nativefloridian (nativefloridian) wrote,

It was the most unusual military base he’d ever seen – because it consisted of a block of upscale but neglected, empty houses that had been converted into barracks. He’d missed the conversion, being in the hospital with Heather, but he’d been kept up to date on its progress. Heather had been interested in the progress reports, too, since it had been her suggestion, and he had encouraged the distraction.

The house with the biggest kitchen had the new mess hall; the house with the built-in generator housed the CIC. There was talk of making the yards into crop-bearing fields – most every home had revived the ‘victory garden’ concept, and these houses had a lot of acreage. One of the more off-the-wall suggestions had been to convert the pools into fish farms.

They walked into their new quarters. They were the only ‘private’ quarters in the newly christened Military quad. It was the master bedroom, of course, but the reason that they’d picked this master bedroom was that this bathroom was wheelchair accessible. There was also a small sitting area/table, so that Beck could work, even hold small meetings without leaving Heather alone.

“So, what do you think?” Edward asked, leaning over Heather’s chair.

“It’s big.” She said quietly.

“True.” He said. “What would you like to try first, the bed or the sofa? I’m told they’re both quite comfy.”

“Let’s try the sofa. I’m not that sleepy right now.”

“Alright.” He wheeled her over, and helped her stand and pivot onto the couch. She winced anyway; the cuts on her feet were still pretty raw. He waited for her to settle into a comfortable position.

“What’s that?” she asked, pointing at an object on the table covered with a cloth and a bow.

“What’s what?” he looked. “Hmm, dunno. They must have left it here for us. Wanna see what it is?”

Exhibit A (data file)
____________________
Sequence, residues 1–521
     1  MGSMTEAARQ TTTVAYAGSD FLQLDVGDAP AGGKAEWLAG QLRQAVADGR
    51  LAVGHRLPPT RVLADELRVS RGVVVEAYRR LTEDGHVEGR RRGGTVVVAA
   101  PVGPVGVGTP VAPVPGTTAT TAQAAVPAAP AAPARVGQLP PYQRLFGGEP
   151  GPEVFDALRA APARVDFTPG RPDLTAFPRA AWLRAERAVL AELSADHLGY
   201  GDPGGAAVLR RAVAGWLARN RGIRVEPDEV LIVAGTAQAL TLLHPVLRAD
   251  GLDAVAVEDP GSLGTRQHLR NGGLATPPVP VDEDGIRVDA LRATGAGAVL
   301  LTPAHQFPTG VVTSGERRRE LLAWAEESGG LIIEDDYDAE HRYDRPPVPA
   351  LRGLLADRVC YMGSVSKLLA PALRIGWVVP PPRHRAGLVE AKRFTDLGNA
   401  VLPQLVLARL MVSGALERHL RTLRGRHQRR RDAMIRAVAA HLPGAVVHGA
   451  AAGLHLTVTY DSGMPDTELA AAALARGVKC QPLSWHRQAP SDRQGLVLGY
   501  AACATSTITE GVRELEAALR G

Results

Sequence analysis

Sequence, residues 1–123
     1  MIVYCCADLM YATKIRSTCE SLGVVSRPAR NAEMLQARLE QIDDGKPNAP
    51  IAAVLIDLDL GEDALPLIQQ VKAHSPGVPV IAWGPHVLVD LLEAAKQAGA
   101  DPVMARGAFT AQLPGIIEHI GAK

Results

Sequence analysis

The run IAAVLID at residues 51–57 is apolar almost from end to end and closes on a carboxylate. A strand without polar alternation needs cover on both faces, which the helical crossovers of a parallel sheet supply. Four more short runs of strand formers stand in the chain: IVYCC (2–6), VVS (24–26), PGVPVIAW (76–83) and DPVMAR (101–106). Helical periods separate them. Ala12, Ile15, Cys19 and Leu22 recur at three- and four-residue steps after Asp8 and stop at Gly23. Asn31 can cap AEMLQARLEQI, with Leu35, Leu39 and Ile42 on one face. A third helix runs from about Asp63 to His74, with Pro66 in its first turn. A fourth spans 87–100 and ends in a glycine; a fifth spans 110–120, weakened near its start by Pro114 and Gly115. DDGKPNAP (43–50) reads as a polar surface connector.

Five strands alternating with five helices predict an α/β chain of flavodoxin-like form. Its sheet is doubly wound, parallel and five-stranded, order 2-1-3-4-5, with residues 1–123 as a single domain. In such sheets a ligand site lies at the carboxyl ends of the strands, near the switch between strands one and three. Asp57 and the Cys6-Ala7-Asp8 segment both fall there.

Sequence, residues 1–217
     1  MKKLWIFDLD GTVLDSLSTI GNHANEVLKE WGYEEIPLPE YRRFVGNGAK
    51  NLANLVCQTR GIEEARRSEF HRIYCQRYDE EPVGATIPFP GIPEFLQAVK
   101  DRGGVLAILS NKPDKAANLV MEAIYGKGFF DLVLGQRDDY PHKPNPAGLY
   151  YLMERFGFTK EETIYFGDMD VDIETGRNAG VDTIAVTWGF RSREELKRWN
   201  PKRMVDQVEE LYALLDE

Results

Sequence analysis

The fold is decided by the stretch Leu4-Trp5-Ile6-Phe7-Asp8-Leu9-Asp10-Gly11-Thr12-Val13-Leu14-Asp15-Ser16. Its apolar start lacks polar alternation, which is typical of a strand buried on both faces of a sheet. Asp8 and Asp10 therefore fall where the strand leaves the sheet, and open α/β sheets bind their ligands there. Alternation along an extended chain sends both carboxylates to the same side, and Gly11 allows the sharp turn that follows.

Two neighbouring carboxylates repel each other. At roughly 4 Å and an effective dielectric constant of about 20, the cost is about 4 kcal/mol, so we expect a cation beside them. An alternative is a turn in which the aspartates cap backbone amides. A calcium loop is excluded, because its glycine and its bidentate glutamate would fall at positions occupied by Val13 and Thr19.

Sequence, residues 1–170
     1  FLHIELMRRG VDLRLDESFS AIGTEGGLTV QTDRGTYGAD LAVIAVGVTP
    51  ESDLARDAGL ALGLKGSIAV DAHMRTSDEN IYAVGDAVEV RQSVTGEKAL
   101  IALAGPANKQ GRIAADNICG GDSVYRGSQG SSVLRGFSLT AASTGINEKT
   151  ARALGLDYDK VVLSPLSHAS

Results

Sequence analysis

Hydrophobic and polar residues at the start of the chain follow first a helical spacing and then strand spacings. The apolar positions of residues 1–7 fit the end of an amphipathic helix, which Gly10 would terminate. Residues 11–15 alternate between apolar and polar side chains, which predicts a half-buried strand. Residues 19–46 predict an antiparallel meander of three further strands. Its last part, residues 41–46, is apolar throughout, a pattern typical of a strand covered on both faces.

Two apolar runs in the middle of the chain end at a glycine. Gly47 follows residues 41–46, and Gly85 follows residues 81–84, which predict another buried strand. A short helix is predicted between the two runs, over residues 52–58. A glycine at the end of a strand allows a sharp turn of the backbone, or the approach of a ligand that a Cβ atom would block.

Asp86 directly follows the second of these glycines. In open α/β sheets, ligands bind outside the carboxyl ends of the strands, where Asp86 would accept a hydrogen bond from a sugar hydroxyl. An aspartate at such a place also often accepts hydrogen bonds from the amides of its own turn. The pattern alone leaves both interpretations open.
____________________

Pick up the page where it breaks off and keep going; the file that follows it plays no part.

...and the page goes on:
He pulled off the cloth with a flourish.

Heather gasped.

“Oh my God.”

It was a Scrabble game. And not just any Scrabble game; a deluxe turntable edition with raised edges. Heather had been looking for a new board, since hers was nearly split down the middle. She hadn’t found anyone willing to give theirs up. Prying loose any board game was nearly impossible anymore. This was – well, amazing especially since they had ceased production of the turntable edition since before the bombs had gone off.

“How in the hell did they find this?”

Edward murmured something and went to the door. He found most of the office staff there, looks of anticipation on their face.

“How’d she like it?”

“She’s impressed. So am I. How did you get it?”

“Bargained for it.”

He looked at them disapprovingly. He knew how much that must have cost.

“Before you object, sir, you should know – well, we have a bit of a confession to make.”

Lt. Goodman stepped up.

“We, uh, started a small betting pool about a month ago.”

“A betting pool?”

“On when you two would get together.”

After a moment of shock, Edward felt his lips twitch, giving way to a chuckle.

“Obviously, nobody won. So…we got you this.”

“Then thank you. Thank you very much.”

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